When Gore managed to win the national popular vote anyway – and would have carried the key state of Florida if all legally cast ballots were counted – the Republicans and the Right rose up in fury demanding that the Florida count be stopped before Bush’s tiny lead completely disappeared. Starting a riot at the vote-counting center in Miami, the Republicans showed how far they would go to claim the White House again.
Then, five Republican partisans on the U.S. Supreme Court – wanting to ensure that the new president would keep their side in control of the courts and recognizing that their party was prepared to spread disorder if Gore prevailed – stopped the counting of votes and made Bush the “winner.” [For details, see the book, Neck Deep.]
Despite the partisan Supreme Court ruling putting Bush in the White House, Gore and the Democrats stepped back from a political confrontation. The right-wing press cheered and gloated, while the mainstream news media urged the people to accept Bush as “legitimate” for the good of the country.
For most of Bush’s disastrous presidency, this dynamic remained the same. Though barely able to complete a coherent sentence, Bush was treated with great deference, even when he failed to protect the country from the 9/11 attacks and led the nation into an unprovoked war with Iraq. There were no combative investigations of Bush like those that surrounded Clinton.
Even at the end of Bush’s presidency – when his policies of bank deregulation, tax cuts for the rich and massive budget deficits combined to create the biggest financial crisis since the Great Depression – the prevailing message from the Establishment was that it was unfair to lay too much blame on Bush. Shortly after Barack Obama took office in 2009, a Republican/right-wing talking point was to complain when anyone took note of the mess that Bush had left behind: “There you go again, blaming Bush.”
The Republicans and the Right also set to work demonizing and undermining Obama’s presidency. For weeks, instead of letting the Democrats enact legislation to address the financial and economic crisis, Senate Republicans launched filibuster after filibuster.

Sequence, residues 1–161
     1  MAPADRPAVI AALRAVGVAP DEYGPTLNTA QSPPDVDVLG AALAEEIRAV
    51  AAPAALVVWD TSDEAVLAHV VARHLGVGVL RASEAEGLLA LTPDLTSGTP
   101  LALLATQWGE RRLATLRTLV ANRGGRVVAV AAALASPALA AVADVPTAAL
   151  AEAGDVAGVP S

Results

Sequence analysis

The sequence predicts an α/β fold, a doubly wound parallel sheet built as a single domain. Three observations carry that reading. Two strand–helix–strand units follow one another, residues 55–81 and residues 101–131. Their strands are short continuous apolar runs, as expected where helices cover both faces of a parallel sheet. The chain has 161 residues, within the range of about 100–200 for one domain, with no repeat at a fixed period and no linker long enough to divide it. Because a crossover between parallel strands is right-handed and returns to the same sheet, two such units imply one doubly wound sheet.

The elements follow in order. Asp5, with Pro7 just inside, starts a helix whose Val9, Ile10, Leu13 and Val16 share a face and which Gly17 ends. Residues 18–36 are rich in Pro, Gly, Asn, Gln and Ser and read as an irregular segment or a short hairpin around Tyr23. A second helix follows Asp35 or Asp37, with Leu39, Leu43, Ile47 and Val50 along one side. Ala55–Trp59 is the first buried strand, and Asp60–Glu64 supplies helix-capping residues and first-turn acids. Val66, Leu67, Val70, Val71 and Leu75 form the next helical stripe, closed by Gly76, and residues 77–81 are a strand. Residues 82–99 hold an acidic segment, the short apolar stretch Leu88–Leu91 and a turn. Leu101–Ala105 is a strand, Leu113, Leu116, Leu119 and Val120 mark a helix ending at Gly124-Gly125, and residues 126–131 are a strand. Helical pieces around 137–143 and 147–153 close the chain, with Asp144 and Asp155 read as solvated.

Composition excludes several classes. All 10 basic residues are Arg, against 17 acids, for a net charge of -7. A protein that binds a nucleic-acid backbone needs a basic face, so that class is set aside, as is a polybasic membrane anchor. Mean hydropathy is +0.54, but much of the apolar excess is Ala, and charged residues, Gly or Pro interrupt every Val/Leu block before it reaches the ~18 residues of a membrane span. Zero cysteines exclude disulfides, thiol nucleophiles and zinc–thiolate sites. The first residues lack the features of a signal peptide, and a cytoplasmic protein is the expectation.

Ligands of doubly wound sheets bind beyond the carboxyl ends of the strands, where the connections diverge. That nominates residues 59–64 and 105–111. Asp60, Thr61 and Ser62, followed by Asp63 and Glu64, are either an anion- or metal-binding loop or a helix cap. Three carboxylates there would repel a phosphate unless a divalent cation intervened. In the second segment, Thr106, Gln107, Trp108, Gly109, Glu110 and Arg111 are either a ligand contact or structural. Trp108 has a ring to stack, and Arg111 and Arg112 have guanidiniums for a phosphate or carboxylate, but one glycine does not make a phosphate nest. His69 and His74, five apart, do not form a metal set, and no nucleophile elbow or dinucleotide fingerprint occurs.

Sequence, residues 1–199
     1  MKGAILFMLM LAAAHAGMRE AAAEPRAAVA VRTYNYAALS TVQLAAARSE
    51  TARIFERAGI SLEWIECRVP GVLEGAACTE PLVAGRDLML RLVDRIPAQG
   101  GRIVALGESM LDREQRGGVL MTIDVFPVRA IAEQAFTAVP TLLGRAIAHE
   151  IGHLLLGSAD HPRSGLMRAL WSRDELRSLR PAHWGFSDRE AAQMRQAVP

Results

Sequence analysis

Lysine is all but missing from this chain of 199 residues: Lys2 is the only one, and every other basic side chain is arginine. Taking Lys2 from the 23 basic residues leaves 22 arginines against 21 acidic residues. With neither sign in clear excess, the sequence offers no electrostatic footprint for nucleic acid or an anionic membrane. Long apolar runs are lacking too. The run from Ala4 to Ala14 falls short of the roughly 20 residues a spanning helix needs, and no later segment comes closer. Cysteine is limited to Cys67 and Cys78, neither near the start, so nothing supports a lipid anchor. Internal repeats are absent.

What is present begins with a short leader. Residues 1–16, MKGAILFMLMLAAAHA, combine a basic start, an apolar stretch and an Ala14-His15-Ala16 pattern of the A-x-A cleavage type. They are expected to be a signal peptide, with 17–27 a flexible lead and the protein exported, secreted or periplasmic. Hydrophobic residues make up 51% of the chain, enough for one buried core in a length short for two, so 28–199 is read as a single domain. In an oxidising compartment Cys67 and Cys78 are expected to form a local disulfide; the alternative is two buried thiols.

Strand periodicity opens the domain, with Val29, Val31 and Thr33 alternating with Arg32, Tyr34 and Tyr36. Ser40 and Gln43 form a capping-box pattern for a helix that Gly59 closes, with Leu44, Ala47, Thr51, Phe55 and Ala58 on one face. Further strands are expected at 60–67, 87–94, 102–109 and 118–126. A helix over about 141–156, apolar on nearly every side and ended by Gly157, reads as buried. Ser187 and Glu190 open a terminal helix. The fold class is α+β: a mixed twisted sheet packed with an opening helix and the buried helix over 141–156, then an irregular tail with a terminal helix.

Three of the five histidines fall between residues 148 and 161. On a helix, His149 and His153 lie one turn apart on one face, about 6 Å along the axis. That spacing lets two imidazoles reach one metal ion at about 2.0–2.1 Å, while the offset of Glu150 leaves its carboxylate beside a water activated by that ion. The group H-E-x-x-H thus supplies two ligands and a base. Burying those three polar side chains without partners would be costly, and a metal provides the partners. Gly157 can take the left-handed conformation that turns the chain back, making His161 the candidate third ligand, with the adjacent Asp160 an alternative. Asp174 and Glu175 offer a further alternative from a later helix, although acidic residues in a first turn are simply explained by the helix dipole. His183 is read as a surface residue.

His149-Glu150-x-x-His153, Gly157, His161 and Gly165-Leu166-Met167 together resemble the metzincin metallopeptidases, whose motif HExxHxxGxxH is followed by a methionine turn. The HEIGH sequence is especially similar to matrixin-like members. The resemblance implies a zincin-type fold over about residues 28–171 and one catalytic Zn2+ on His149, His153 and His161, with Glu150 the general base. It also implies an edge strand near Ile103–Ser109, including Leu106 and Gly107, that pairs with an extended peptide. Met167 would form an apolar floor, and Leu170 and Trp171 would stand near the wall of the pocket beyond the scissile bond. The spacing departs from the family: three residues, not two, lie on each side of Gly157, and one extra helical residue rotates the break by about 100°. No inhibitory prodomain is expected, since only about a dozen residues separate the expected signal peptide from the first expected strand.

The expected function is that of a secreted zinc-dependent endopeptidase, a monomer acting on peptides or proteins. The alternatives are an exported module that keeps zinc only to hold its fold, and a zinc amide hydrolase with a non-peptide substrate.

When Obama and the Democrats did push through emergency legislation, such as the $787 billion stimulus package, they had to water it down to reach the 60-vote super-majority. The Republicans and the Right then quickly laid the blame for high unemployment on the “failed” stimulus.
There also were waves of propaganda pounding Obama’s legitimacy. The Right’s news media pressed bogus accusations that Obama had been born in Kenya and thus was not constitutionally eligible to be president. He was denounced as a socialist, a Muslim, a fascist, an enemy of Israel, and pretty much any other charge that might hit some American hot button.
When Obama welcomed American students back to school in 2009, the Right organized against his simple message – urging young people to work hard – as if it were some form of totalitarian mind control. His attempt to address the growing crisis in American health care was denounced as taking away freedoms and imposing “death panels.”
Soon, billionaires such as oil men David and Charles Koch and media mogul Murdoch, were promoting a “grassroots” rebellion against Obama called the Tea Party. Activists were showing up at presidential speeches with guns and brandishing weapons at rallies near Washington.